ADD sucks. Anyway, I reread this and figured I'd let it stand, but now it's changing a little in context. You won't see that until a little later.
Thanks, for checking in and feigning interest.
The dishwasher was ready to be emptied this morning, and in the top rack among the sparkling glass and stainless steel were a couple of my favorite, well-worn coffee mugs. Looking at them, then studying the crowded cabinet where they reside, I had a thought about gifts and how the gracious recipient might deal with perfectly lovely thoughts that are incongruent with his or her design sense, decorating style or the manner in which he or she approaches a typical day.
Gracious, according to Merriam-Webster's definitions 2 a, b, c, and d: marked by kindness and courtesy [e.g., a gracious host]; graceful; marked by tact and delicacy: urbane; characterized by charm, good taste, generosity of spirit, and the tasteful leisure of wealth and good breeding [gracious living].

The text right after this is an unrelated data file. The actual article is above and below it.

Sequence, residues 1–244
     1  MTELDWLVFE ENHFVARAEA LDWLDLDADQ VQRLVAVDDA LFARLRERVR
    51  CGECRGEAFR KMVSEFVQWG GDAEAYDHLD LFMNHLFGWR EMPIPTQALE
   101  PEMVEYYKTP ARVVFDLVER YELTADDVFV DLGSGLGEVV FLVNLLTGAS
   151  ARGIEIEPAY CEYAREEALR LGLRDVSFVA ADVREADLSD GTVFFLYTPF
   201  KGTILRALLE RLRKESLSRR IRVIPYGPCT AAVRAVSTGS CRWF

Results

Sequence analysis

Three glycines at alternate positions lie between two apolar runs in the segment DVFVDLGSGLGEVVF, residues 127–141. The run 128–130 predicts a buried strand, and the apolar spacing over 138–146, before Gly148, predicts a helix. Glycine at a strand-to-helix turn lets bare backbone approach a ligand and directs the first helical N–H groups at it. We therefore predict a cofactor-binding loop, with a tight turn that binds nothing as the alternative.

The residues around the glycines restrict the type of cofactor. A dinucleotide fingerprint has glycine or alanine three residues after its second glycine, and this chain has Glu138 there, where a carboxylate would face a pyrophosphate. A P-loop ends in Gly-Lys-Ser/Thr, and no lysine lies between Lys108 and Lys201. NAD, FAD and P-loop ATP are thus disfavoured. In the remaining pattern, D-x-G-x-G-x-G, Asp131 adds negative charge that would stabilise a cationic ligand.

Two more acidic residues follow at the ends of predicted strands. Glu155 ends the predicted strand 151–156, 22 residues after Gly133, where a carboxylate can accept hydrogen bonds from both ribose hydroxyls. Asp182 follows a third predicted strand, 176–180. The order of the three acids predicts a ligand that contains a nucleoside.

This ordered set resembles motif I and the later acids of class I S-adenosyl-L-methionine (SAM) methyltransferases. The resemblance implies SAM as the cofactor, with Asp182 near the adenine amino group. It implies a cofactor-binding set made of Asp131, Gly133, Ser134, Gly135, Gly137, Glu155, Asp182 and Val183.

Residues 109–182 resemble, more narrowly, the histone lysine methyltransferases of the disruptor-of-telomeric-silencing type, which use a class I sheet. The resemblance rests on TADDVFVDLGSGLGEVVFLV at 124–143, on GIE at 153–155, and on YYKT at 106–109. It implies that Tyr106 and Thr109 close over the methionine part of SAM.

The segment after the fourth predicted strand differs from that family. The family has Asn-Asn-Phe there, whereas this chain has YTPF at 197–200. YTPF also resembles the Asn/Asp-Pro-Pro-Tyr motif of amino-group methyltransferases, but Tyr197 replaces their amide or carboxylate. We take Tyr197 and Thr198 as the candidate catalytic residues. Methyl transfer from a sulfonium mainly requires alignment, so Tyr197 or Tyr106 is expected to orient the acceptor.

Is it graceful to throw said gift in a closet until one sees an opportunity to regift? Is it more acceptable pass things along to Goodwill after they've collected dust/been dusted for years? Would it be acceptable to donate it within days of receipt?
Usually for me -- particularly when it comes to items designed for specific uses, but are redundant because I already have the same thing in a style I've chosen -- I use the gift seasonally. Maybe it works well as an Easter brunch platter but looks out of place as a Cinco de Mayo chip bowl. Maybe, in cool weather, it works better as a soup mug than a coffee cup.
I read an article that mentions other alternatives for handling unwanted gifts "unless you need to keep the gift around to showcase it whenever the giver stops by your home."